Nine unbelievable Boston facts

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Christmas ban

Everyone knows that Boston has a bedtime, but did you know that Boston also banned Christmas? That’s right — the Pilgrims banned Christmas for over two decades in the 17th century, punishing those who celebrated the holiday.

Art heist

(Courtesy of Wikimedia)

(Courtesy of Wikimedia)

The biggest art heist in history happened right here in Beantown. In 1990, two thieves disguised as Boston police officers entered the Isabella Stewart Gardner museum, saying they were responding to a call. The guard on duty let them into the museum, only to be handcuffed to pipes in the basement while the thieves made off with a Rembrandt and a Vermeer (among others). In all, thirteen works of art were stolen, valued at over $500 million. Because Gardner insisted in Havisham-like fashion that nothing in her house be altered after her death, visitors can still see the empty frames where the thieves cut the paintings from their frames.

Statehouse surprise

There’s a golden pinecone on top of the gold dome of the Statehouse. No, really. There is.

(Courtesy of Wikimedia)

(Courtesy of Wikimedia)

The skin-ny on rare books

Boston’s Athenaeum houses rare and old books. It’s also home to one particularly grizzly book – the memoir of highwayman and bank robber, James Allen. If the record of his misdeeds doesn’t give you goosebumps, the book binding might – the book is bound in Allen’s own skin. Binding the memoirs of rascals in their own skin was oddly common after the French Revolution, but what is distinctive about Allen is that he specifically asked that his memoirs be bound in his own hide after his execution for one of his many exploits.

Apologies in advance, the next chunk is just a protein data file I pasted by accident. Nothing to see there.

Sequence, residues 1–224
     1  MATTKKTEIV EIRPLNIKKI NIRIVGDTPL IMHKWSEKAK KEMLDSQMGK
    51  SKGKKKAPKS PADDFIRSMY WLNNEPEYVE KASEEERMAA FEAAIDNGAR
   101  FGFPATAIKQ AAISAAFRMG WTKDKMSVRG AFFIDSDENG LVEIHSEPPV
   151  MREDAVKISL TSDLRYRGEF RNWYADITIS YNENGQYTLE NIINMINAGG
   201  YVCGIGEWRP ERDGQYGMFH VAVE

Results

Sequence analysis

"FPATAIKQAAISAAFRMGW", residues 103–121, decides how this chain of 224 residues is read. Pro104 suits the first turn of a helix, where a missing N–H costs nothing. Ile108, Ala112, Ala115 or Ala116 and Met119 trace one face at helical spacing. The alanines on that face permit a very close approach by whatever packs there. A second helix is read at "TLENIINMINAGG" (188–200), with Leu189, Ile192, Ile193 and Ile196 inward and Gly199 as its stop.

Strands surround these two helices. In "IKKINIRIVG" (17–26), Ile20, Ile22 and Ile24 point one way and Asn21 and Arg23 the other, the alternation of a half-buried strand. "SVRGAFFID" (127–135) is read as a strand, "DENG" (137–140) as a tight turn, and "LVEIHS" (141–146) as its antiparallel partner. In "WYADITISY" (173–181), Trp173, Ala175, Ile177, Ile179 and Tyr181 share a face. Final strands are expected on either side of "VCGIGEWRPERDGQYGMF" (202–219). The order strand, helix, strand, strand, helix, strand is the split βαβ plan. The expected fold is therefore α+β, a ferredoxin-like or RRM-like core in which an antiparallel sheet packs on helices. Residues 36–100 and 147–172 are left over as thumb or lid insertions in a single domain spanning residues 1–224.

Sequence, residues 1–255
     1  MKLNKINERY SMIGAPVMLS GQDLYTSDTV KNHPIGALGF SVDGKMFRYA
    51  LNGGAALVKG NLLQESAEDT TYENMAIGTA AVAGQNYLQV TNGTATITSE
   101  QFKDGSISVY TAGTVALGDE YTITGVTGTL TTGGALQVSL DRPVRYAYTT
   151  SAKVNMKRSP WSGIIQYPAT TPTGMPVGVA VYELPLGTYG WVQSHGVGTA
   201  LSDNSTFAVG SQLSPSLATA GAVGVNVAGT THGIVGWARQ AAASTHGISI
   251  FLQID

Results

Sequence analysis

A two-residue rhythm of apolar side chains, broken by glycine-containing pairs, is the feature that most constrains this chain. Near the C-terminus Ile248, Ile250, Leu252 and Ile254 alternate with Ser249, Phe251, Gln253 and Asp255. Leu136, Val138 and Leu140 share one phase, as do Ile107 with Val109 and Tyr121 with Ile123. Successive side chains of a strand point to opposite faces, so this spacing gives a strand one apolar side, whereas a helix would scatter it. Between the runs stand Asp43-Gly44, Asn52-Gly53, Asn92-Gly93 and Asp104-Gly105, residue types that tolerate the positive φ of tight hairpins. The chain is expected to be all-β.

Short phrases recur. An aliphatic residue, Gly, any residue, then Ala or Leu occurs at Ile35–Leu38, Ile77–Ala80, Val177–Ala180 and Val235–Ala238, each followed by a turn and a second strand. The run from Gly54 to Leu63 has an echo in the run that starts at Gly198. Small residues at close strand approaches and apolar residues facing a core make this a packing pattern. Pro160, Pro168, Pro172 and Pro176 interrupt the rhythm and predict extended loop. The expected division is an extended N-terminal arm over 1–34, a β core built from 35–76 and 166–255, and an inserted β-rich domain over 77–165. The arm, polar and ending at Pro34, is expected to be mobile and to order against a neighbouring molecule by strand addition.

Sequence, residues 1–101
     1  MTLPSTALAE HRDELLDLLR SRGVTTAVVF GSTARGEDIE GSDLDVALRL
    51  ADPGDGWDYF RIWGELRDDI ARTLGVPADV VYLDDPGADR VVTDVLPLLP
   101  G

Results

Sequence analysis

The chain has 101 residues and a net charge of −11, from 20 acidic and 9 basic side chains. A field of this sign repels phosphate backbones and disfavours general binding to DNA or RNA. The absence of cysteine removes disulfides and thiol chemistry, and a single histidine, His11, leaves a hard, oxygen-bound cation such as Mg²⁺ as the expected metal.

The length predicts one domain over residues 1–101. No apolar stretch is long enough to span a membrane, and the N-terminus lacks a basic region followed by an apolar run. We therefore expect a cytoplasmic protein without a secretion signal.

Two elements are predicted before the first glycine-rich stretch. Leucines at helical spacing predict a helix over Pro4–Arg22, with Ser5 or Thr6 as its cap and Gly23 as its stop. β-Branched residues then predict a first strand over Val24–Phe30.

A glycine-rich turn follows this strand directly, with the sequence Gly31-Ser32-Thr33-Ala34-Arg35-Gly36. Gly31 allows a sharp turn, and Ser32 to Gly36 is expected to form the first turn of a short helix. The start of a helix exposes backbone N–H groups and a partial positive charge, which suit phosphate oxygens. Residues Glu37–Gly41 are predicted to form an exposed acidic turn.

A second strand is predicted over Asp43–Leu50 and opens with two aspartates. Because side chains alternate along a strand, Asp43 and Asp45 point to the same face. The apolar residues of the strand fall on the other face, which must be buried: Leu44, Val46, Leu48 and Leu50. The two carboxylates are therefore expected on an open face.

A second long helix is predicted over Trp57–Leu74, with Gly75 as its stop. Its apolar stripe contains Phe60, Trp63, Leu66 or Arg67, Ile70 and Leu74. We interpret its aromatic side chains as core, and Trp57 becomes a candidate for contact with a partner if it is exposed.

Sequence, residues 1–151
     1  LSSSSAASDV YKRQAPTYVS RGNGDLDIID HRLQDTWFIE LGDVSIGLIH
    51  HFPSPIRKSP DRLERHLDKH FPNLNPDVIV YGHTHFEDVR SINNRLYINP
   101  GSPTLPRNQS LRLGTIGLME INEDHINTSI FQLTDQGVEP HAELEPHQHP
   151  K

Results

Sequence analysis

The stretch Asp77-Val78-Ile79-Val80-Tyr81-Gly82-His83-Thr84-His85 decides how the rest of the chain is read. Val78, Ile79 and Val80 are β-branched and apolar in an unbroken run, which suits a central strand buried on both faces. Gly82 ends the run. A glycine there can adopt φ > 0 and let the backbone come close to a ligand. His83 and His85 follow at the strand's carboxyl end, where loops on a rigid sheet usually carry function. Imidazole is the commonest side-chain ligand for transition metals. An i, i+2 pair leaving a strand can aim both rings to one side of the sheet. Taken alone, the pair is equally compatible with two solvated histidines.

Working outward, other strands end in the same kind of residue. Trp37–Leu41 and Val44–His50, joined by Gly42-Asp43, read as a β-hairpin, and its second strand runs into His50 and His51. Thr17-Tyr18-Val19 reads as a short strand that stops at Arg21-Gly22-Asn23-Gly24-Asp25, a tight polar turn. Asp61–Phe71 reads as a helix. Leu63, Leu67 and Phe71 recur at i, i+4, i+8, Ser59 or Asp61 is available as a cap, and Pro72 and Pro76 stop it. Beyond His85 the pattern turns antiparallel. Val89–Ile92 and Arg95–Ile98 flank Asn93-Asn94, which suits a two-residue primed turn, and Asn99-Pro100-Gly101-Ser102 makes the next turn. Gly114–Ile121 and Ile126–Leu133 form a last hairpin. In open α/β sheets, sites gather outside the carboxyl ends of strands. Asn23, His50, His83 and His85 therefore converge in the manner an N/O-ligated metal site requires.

Resting in peace

The Forest Hills Cemetery is the resting place of some artists with Boston connections, such as Anne Sexton, E.E. Cummings, and Eugene O’Neill. But in 2006, artist Christopher Frost made a miniature village using a variety of architectural styles to replicate the homes of different people buried in the cemetery.

Get your kicks

From the outside, Bodega looks like a basic corner store, someplace you might go to pick up laundry detergent or a box of pasta. But if you step over to the Snapple machine and press a button, the wall cuts away, revealing a hip sneaker store.

The outside of Bodega (Google Maps)

The outside of Bodega (Google Maps)

Impossible bench

By Jamaica Pond, there’s a bench that looks like this:

(Photo by Jason Eppink, via Flickr)

(Photo by Jason Eppink, via Flickr)

Made by Massachusetts College of Art and Design professor Matthew Hincman, the bench wasn’t an immediate hit with the authorities, but eventually won approval from the Boston Art Commission to remain as a permanent installation.

Outdated laws

Boston is still hanging on to some outdated laws. Here’s two that might surprise you: It’s illegal to play the fiddle in public, and you can’t cross Boston Common without a shotgun in case of bears.

Boston’s worst

Finally, this guy is from Boston.

(Courtesy of Flickr)

(Courtesy of Flickr)

Yes, the popular  meme “Scumbag Steve” is from Boston. And his last name is — you guessed it – Boston.